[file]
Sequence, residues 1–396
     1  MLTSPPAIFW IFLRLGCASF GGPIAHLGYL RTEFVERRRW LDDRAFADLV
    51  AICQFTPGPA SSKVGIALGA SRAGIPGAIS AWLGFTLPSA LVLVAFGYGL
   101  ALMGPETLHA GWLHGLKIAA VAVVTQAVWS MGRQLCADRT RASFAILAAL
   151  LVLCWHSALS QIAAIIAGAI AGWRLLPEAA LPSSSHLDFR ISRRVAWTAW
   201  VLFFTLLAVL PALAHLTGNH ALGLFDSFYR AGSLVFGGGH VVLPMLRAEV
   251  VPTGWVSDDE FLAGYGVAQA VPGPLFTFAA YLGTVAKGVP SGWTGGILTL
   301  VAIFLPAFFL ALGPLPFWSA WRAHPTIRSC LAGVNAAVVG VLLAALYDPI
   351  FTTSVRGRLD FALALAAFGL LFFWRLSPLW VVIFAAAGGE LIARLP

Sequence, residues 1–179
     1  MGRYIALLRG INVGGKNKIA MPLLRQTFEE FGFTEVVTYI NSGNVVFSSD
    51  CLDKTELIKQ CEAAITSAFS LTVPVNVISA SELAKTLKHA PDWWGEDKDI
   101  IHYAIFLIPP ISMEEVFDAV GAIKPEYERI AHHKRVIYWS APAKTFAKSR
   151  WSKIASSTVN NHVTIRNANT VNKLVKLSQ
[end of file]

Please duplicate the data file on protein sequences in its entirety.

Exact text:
Sequence, residues 1–396
     1  MLTSPPAIFW IFLRLGCASF GGPIAHLGYL RTEFVERRRW LDDRAFADLV
    51  AICQFTPGPA SSKVGIALGA SRAGIPGAIS AWLGFTLPSA LVLVAFGYGL
   101  ALMGPETLHA GWLHGLKIAA VAVVTQAVWS MGRQLCADRT RASFAILAAL
   151  LVLCWHSALS QIAAIIAGAI AGWRLLPEAA LPSSSHLDFR ISRRVAWTAW
   201  VLFFTLLAVL PALAHLTGNH ALGLFDSFYR AGSLVFGGGH VVLPMLRAEV
   251  VPTGWVSDDE FLAGYGVAQA VPGPLFTFAA YLGTVAKGVP SGWTGGILTL
   301  VAIFLPAFFL ALGPLPFWSA WRAHPTIRSC LAGVNAAVVG VLLAALYDPI
   351  FTTSVRGRLD FALALAAFGL LFFWRLSPLW VVIFAAAGGE LIARLP

Sequence, residues 1–179
     1  MGRYIALLRG INVGGKNKIA MPLLRQTFEE FGFTEVVTYI NSGNVVFSSD
    51  CLDKTELIKQ CEAAITSAFS LTVPVNVISA SELAKTLKHA PDWWGEDKDI
   101  IHYAIFLIPP ISMEEVFDAV GAIKPEYERI AHHKRVIYWS APAKTFAKSR
   151  WSKIASSTVN NHVTIRNANT VNKLVKLSQ